“He spake, and there came divers sorts of flies, and lice in all their coasts.”
Flying insects have been a huge mystery to scientists, especially those who believe in evolution. Until recently, scientists didn’t know how flying insects could fly. Wind tunnel tests on insect wings showed that their wings produce anywhere from a third to half as much lift needed for flight, depending on the species. Yet, horseflies have been clocked flying at up to 90 miles per hour!
Detailed research on the biomechanics of insect flight has now revealed how they manage to fly. Insect flight does not use quite the same principles as airplane flight. Unlike the wings of a modern airplane, insect wings trace a figure eight during flight. If an airliner’s wings attack the air at an angle of more than 18 degrees, the vortex that provides lift to the top of the wing pulls away from the wing and the result is a stall. Insect wings, however, attack the air at a much steeper angle. Why doesn’t the lifting vortex pull away from an insect’s wing, leaving the insect in a stall? Researchers learned that because the insect’s wing is moving faster at the tip, the lifting vortex does not pull away from the wing and gives the insect a 70 percent increase in lift.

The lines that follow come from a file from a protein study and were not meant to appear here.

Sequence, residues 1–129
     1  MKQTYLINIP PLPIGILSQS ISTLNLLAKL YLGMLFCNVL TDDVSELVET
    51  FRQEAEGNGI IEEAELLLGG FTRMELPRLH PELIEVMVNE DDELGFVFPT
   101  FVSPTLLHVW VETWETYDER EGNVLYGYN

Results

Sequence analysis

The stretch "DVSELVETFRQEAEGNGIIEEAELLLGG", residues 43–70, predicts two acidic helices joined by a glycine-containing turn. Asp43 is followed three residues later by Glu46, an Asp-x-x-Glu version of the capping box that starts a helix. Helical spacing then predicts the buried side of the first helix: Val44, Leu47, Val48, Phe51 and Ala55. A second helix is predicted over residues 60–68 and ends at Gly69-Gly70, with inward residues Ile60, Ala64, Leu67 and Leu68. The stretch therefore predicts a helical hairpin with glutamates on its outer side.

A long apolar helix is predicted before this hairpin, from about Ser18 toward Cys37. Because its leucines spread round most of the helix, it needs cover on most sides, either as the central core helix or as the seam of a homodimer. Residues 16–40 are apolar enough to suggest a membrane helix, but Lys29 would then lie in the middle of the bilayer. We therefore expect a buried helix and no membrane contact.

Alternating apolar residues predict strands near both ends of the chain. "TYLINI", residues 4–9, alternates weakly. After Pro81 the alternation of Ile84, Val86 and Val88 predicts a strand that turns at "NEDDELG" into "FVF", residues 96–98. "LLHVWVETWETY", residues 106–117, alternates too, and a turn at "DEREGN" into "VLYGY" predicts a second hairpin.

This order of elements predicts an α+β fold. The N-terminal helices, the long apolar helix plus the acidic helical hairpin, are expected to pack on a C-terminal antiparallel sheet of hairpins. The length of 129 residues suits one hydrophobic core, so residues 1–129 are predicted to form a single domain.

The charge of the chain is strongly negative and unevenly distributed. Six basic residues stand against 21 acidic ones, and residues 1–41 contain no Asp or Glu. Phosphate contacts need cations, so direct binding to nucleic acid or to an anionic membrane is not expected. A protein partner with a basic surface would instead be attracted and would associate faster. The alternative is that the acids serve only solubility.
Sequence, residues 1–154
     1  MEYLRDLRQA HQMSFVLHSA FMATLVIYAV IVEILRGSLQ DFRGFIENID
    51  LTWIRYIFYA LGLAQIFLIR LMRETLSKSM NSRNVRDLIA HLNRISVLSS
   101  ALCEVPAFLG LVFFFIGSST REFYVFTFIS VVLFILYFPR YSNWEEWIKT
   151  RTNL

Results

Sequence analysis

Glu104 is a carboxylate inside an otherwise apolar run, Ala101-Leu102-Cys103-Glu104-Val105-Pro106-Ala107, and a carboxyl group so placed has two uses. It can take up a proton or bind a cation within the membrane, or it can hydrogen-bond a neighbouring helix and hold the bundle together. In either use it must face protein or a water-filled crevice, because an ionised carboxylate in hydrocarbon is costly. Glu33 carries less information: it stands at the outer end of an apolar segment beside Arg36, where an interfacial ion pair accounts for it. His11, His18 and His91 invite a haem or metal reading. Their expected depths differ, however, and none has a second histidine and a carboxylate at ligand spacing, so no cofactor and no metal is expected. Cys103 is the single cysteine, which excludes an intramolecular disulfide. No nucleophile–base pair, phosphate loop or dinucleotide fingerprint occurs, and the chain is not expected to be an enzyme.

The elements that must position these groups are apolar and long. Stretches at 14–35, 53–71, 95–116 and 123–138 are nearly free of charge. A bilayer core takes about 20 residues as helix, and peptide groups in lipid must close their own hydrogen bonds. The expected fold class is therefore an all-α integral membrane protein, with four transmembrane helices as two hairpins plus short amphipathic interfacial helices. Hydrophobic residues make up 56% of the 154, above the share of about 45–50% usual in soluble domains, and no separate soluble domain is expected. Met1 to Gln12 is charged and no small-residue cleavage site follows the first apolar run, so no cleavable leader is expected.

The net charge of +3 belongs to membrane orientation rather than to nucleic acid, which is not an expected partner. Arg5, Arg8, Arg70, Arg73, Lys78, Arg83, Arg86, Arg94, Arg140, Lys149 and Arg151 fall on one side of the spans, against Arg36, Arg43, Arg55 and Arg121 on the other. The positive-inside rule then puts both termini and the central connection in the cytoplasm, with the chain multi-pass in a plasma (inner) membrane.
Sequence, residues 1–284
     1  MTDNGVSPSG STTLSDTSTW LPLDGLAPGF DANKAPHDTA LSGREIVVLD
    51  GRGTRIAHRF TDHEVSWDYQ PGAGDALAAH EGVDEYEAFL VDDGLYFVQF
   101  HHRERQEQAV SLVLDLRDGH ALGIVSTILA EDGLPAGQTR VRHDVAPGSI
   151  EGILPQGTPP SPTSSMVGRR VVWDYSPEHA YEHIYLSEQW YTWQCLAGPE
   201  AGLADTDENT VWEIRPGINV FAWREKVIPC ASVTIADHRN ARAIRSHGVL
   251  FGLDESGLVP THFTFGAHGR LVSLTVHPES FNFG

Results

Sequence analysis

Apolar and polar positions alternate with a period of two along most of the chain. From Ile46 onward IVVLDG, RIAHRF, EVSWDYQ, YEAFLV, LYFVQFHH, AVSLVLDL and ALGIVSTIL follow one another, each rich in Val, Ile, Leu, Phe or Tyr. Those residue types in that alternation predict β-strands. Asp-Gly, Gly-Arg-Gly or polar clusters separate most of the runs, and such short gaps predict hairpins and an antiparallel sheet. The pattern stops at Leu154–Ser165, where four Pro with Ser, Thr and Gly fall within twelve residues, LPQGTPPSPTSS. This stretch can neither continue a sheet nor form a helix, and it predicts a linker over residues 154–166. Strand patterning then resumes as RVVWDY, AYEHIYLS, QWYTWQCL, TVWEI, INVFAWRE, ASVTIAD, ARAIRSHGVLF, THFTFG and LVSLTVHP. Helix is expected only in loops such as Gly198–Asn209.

Evolutionists depict today’s flying insects as descendants of ancient insects that could only glide. Then, over supposed millions of years they developed the wings and flight skills of modern insects. This recent research, however, reveals that insect flight is no chance development. It was carefully engineered by a Creator from the very beginning.
Discover, 4/00, pp. 27-28, “What’s the Buzz?” Photo: Horsefly. Courtesy of Dennis Ray. (CC BY-SA 2.5)